I noticed that when I triple click (with mouse) to select text (or a command) from say a website, and then paste this into my terminal using Ctrl+Alt+v, then the command runs immediately (i.e. it automatically inputs Enter key), but if I select(with mouse) and copy the same command and use Ctrl+Alt+v to paste it into the terminal it does not auto-run the code but it rather just pastes it and awaits input from me before the code will run.

Which mechanism makes this so? Because I would rather first look at the command to be run before running it, but I noticed this will be done for me any time I use triple click to select a word.


Triple-clicking selects the whole line, which includes the line feed at the end1. A line feed character (Unicode U+0A) is what Enter inputs, so the shell interprets this to mean it should execute the command2.

When you click and drag to select the line, you normally don't select the line feed at the end, unless you drag the mouse down to the next line, or unless you select multiple lines (which of course include multiple line feeds between them).

The best workaround I know is to copy-paste the command into a text editor (e.g. Gedit), review it, then copy-paste it into the terminal.

Here are some harmless commands you can try copy-pasting in different ways:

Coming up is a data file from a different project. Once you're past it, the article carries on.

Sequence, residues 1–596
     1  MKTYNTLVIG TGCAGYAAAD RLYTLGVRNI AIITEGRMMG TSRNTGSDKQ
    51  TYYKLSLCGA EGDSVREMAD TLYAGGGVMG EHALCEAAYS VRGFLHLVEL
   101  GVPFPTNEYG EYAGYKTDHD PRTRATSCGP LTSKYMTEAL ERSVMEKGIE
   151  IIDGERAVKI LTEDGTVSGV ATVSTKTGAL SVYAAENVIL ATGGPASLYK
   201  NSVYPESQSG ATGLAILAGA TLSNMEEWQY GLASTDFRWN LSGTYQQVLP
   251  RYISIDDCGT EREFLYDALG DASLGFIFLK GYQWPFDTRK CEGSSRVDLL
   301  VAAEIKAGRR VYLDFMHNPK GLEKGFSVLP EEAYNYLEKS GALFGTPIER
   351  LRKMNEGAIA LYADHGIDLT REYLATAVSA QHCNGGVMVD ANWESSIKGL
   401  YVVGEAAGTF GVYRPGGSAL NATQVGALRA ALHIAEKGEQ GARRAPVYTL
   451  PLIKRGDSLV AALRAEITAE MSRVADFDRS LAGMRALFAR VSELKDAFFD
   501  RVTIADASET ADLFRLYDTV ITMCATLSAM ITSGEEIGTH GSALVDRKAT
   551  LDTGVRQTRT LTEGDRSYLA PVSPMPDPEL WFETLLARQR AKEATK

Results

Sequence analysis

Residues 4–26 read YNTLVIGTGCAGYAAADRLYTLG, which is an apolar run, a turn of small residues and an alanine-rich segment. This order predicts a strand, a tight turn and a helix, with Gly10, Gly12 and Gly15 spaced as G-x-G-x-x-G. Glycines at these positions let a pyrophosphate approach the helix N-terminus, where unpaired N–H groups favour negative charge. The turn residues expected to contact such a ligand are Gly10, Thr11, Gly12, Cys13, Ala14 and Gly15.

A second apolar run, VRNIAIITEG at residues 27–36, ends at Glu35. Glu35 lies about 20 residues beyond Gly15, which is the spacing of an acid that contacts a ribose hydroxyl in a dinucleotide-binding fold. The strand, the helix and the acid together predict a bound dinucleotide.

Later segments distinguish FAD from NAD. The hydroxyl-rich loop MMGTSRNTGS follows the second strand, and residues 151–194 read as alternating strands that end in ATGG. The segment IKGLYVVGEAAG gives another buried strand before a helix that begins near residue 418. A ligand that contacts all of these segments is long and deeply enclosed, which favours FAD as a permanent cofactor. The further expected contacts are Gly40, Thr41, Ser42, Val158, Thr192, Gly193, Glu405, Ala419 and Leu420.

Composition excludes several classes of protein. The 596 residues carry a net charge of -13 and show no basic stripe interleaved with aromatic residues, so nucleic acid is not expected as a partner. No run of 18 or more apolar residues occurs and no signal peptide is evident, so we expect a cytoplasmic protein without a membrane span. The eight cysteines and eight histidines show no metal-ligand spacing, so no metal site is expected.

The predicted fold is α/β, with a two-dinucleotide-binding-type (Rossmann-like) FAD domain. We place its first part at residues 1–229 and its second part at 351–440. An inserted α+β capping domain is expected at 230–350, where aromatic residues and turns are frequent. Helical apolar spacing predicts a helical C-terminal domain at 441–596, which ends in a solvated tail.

echo 1
echo 2
echo 3
true true
echo hello world
echo "$(whoami)"


  1. From my understanding, a line is defined as a string terminated by a line feed.
  2. In my experience, most shells can't tell the difference between a string being typed and a string being pasted.
  • This is a good security practice too. – chaskes Aug 14 '17 at 2:49
  • @chaskes Is that just in case of malicious hidden text on a website, or other reasons? – wjandrea Aug 14 '17 at 6:59
  • mostly it's malicious hidden text, but it will also make obvious non-visible chars like newlines (say when copying a long sha256sum) – chaskes Aug 14 '17 at 16:20

enter image description hereenter image description here

Both of these were selected by dragging, not triple click. The difference is that, in the latter, I dragged to the next line. You can see the newline being represented as an extra space that does not actually exist in the text. With triple click, you'll always see the latter.

You might want to do either of:

  • edit the current command line in an editor (CtrlX CtrlE is bash's default shortcut), then paste in the editor.
  • switch to a shell like zsh, which does not execute a command on pasting even if it has newlines. This is pasted text, as yet unexecuted:

    enter image description here

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